# Can we prove that $t$ must be a Mersenne prime?

This question

Equations involving arithmetic functions, totatives and even perfect numbers

can be answered positive if the following can be proven.

Let $t\ge 1$ be an integer and denote $$s:=\sigma\left(\frac{t(t+1)}{2}\right)$$ $$p:=\varphi\left(\frac{t(t+1)}{2}\right)$$

$\sigma(n)$ is the divisor-sum-function and $\varphi(n)$ the totient-function.

Claim :

• If $s=4p+t+1$ holds, then $t$ is a Mersenne-prime.

• If $t^2-1=4p$ holds, then $t$ is a Mersenne-prime.

The claim is true for $t\le 10^6$

• I think I can prove that $t$ is Mersenne prime if both $s=4p+t+1$ and $t^2-1=4p$ hold. Judging by the other question you quoted, there is an "and" in between. Is this what you are after? – rtybase Apr 21 '18 at 11:20
• This is a useful partial result , but I think the formulation clearly indicates that I search a proof of each implication. Perhaps, $t^2-1=4p\implies t$ is Mersenne-prime is easier to show. – Peter Apr 21 '18 at 14:00
• Probably. Technically, propositions 1 to 3 use only $t^2-1=4p$ ... work in progress ... the only scaring factor is Wikipedia mentioning "It is unknown whether there is any odd perfect number ..." – rtybase Apr 21 '18 at 14:53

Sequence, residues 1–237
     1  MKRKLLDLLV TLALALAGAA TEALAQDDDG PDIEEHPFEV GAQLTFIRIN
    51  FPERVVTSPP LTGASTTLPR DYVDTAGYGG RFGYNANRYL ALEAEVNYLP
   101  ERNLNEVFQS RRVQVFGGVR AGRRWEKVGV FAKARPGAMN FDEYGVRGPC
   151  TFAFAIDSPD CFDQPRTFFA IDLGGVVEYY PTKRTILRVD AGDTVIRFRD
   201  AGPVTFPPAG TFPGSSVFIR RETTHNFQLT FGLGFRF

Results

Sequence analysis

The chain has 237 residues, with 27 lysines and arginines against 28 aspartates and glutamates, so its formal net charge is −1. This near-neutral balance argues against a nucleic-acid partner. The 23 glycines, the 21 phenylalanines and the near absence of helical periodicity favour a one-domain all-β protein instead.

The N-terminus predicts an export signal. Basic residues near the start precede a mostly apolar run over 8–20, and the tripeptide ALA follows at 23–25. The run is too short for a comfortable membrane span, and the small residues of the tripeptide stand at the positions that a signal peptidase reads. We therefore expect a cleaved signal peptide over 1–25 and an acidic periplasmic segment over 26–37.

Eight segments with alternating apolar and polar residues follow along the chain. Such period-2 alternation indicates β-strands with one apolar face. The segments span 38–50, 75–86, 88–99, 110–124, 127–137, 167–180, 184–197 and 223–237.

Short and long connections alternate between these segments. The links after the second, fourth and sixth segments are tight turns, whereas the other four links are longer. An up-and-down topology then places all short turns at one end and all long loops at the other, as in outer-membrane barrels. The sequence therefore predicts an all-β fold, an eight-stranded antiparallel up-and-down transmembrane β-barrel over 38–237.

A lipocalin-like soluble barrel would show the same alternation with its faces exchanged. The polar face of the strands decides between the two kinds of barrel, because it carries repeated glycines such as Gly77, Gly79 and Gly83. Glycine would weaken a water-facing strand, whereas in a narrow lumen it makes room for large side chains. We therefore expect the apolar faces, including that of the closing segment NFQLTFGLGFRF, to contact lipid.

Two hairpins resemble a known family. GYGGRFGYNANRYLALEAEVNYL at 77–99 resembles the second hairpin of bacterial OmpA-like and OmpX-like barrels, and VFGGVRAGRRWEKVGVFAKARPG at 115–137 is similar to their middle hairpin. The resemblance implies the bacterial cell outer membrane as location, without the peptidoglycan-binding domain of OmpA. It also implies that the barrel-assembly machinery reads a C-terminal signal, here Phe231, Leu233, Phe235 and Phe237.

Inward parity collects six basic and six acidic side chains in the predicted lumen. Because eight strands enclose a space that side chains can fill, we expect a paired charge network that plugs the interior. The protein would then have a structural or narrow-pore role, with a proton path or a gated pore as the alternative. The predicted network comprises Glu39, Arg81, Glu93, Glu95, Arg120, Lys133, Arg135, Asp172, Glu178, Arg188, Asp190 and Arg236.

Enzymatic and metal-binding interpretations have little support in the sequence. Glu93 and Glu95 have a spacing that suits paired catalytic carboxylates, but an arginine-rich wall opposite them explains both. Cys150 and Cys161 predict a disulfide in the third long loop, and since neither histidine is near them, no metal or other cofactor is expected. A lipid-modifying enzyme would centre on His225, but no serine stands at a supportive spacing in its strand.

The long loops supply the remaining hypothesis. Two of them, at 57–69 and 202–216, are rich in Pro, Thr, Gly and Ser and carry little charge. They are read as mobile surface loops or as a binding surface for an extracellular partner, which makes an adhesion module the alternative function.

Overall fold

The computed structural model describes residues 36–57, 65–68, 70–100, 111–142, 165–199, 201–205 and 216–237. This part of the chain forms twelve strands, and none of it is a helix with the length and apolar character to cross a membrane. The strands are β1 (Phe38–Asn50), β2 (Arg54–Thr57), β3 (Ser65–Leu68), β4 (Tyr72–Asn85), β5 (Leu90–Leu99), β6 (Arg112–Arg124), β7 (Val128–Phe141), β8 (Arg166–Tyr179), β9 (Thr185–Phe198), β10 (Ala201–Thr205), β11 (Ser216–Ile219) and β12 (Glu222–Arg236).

If both $$t^2-1=4p \tag{1}$$ $$s=4p+t+1 \tag{2}$$

hold. We can deduce:

Proposition 1. $t$-odd.

Easy to see from $(1) \Rightarrow t^2=4p+1$.

Proposition 2. If $t=2k+1$ then $$k(k+1)=\varphi(2k+1)\varphi(k+1)=p$$

Given $\gcd(t,t+1)=1$ and $\varphi(n)$ is multiplicative, which means $$p=\varphi\left(\frac{t(t+1)}{2}\right)=\varphi\left(t\right)\varphi\left(\frac{t+1}{2}\right)$$ then $(1)$ becomes $$t^2=4\varphi\left(t\right)\varphi\left(\frac{t+1}{2}\right)+1 \tag{3}$$ Substituting $$k(k+1)=\varphi(2k+1)\varphi(k+1)$$

Proposition 3. $t$-is square free

If $q$-prime has the property that $q^2 \mid t \Rightarrow q \mid \varphi(t)$. But then, from $(3) \Rightarrow q \mid 1$ - contradiction.

Proposition 4. $\frac{t(t+1)}{2}$ is a perfect number.

I.e. $t+1=s-4p$ and $$(t-1)(t+1)=4p \iff (t-1)(s-4p)=4p \iff t(s-4p)-s+4p=4p \iff \\ t=\frac{s}{s-4p}$$ But $t$-is odd (propositions 1 and 2) $$2k+1=\frac{s}{s-4k(k+1)} \iff 2k=\frac{4k(k+1)}{s-4k(k+1)} \iff \\ s-4k(k+1)=2(k+1) \iff s=4k(k+1)+2(k+1)=2(k+1)(2k+1)$$ or $$s=\sigma\left(\frac{t(t+1)}{2}\right)=2\cdot\frac{t(t+1)}{2}$$

Proposition 5. $t$ is a Mersenne prime.

From Proposition 1 and 3 $t$ is odd and square free, i.e. its prime factorisation is $t=q_1\cdot q_2\cdot ...\cdot q_r, q_i>2, q_i\ne q_j, i\ne j$. $\sigma(n)$ is multiplicative and $\gcd(t,t+1)=1$ thus $$\sigma\left(\frac{t(t+1)}{2}\right)=\sigma(t)\sigma\left(\frac{t+1}{2}\right)= \sigma\left(\frac{t+1}{2}\right)\prod\limits_{i=1}^r(q_i+1)=2^r\cdot Q$$

• if $r\geq 2$, from $(2)$, $4 \mid (t+1)$ and (from proposition 4) $\frac{t(t+1)}{2}$ is even perfect number, thus $t$ is Mersenne prime.
• if $r=1$, then $t$-is prime and $\varphi(t)=t-1=2k$ and from proposition 2 $$k(k+1)=\varphi(2k+1)\varphi(k+1)=2k\varphi(k+1) \Rightarrow 2\mid k+1=\frac{t+1}{2}$$ and (from proposition 4) $\frac{t(t+1)}{2}$ is even perfect number, thus $t$ is Mersenne prime.

Done. It might be more difficult (if possible at all) to deduct this from individual $(1)$ or $(2)$.

Remark: This book, page 72, has a short proof of

Theorem 1.51. An even positive integer $n$ is perfect if and only if $n = 2^{k−1}M_k$ for some positive integer $k$ for which $M_k$ (Mersenne number) is a prime.